An estimated 200 million comprehensive eye exams take place globally each year, including 80 million in the United States. Most involve pharmacologically induced dilation, or mydriasis, of the pupils. In addition, 4 million eyes are dilated for surgical procedures.

Side effects of mydriasis include sensitivity to light and blurred vision, which make it difficult to read, work, and drive. Also, many drops cause cycloplegia, the temporary paralysis of the muscle which allows the eye to focus on near objects. For this reason, many patients may request to avoid dilation, limiting the eye care provider’s ability to conduct a comprehensive exam.

Pharmacological mydriasis is achieved either by stimulating the iris dilator muscle with the use of alpha adrenergic agonists (e.g., phenylephrine), or by blocking the iris sphincter muscle with the use of muscarinic antagonists (e.g., tropicamide), or a combination of both mydriatic agents. Such pharmacologically-induced mydriasis can last from a few hours (typically 6 hours) up to 24 hours, depending on the pigmentation of the iris, one’s age, and other factors.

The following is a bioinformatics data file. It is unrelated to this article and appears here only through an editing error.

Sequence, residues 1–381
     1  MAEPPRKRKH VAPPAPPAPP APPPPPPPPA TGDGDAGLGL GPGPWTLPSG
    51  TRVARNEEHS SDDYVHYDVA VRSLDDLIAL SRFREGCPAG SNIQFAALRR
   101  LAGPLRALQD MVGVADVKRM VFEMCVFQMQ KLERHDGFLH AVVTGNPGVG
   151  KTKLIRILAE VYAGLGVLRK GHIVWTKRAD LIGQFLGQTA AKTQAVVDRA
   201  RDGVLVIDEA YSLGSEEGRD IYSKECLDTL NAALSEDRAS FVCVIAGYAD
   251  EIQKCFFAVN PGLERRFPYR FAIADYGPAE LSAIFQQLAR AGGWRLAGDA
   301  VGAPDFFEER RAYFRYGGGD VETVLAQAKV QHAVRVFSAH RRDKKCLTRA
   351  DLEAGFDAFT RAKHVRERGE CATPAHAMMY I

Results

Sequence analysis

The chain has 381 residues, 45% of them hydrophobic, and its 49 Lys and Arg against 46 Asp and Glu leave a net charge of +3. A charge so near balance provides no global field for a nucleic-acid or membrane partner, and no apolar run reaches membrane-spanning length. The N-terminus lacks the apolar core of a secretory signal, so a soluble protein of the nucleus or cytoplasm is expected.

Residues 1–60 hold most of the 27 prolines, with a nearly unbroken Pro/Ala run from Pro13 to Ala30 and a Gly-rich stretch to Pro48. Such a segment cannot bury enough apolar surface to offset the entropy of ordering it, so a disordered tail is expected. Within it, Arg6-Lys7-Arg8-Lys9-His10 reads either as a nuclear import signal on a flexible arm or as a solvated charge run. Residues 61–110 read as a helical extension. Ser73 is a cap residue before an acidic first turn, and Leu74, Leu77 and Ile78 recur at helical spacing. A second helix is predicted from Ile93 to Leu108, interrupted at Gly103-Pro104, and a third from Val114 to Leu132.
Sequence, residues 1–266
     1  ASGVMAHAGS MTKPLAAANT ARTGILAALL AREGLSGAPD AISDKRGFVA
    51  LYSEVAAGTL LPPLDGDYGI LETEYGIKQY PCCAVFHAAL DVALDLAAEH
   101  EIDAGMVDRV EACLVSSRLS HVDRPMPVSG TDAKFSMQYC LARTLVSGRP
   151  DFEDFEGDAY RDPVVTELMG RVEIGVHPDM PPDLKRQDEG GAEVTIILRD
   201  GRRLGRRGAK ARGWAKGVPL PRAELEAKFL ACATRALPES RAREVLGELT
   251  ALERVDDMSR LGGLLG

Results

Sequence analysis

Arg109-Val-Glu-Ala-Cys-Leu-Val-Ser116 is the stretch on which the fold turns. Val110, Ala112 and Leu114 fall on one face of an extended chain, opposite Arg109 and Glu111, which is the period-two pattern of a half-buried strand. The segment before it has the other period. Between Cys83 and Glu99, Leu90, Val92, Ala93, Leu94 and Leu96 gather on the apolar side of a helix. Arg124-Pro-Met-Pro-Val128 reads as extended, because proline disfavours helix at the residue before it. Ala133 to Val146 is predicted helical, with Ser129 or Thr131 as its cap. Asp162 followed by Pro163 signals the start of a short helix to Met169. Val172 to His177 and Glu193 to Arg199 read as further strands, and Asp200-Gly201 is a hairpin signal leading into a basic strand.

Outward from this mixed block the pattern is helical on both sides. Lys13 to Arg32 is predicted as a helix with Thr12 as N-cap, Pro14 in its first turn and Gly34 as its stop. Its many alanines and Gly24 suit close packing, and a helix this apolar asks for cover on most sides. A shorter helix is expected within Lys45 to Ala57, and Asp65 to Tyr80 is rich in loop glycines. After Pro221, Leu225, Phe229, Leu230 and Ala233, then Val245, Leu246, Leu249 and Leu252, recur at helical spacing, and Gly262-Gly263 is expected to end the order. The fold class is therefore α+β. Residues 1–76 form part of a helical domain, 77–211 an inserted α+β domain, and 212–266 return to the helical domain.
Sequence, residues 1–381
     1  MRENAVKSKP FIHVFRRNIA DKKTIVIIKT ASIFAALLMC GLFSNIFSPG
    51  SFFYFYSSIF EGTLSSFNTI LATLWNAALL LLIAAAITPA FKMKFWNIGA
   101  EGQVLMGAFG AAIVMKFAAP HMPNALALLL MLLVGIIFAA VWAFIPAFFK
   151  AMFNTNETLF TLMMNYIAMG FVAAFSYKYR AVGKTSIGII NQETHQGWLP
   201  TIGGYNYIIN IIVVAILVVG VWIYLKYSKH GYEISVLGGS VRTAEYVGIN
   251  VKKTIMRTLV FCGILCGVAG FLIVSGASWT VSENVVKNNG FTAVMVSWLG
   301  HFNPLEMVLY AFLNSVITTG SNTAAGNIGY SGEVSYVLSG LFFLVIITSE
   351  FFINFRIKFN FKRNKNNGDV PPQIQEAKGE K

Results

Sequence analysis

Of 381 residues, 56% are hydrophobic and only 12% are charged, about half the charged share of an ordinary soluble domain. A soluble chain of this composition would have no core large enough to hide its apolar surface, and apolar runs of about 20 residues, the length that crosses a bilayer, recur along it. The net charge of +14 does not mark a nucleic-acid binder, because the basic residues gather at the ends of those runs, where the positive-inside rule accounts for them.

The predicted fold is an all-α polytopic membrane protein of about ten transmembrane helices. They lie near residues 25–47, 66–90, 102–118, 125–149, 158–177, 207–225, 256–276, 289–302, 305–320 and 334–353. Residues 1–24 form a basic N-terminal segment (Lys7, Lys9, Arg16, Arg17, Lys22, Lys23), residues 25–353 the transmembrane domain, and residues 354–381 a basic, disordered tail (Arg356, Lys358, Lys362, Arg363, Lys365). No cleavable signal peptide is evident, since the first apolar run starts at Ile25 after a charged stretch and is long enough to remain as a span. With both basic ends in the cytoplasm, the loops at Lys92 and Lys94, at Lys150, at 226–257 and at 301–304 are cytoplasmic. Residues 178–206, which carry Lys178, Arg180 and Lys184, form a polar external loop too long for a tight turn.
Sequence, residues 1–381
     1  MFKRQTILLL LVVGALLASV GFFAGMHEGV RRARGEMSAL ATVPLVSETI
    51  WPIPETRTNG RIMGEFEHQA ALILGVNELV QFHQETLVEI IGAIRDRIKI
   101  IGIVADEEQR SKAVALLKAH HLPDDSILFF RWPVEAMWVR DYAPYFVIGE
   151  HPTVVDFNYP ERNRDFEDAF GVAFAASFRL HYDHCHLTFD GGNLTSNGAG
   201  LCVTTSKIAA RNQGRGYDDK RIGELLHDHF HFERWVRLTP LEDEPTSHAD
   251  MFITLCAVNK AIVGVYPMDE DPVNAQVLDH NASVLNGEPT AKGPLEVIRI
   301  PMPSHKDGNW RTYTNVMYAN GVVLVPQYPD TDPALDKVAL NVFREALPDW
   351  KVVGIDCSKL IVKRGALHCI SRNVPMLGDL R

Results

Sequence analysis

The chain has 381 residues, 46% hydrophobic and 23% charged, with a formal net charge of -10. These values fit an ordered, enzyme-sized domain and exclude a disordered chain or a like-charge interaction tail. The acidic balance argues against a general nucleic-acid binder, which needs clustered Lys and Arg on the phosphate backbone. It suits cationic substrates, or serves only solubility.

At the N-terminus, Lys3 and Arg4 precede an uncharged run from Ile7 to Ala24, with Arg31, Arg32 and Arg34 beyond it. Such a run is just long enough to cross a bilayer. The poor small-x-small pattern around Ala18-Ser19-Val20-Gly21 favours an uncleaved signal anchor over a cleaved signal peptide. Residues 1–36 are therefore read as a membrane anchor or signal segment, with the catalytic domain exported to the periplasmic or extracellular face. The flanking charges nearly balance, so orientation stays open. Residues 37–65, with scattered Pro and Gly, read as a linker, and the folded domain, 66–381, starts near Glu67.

There are no drugs currently approved for the reversal of mydriasis. Dapiprazole, an alpha-1 antagonist, was approved by the FDA in 1990 to reverse pharmacologically-induced mydriasis and was marketed under the trade name Rev-Eyes. According to the FDA, Rev-Eyes was discontinued from the market for reasons other than safety and efficacy.

Nyxol has been shown to reduce pupil size by relaxing the iris dilator muscle in normal eyes. To counteract mydriatic drugs, Nyxol could be instilled in the eyes to more rapidly reverse mydriasis, thereby potentially relieving post-exam side effects, visual impairment, eye strain and discomfort.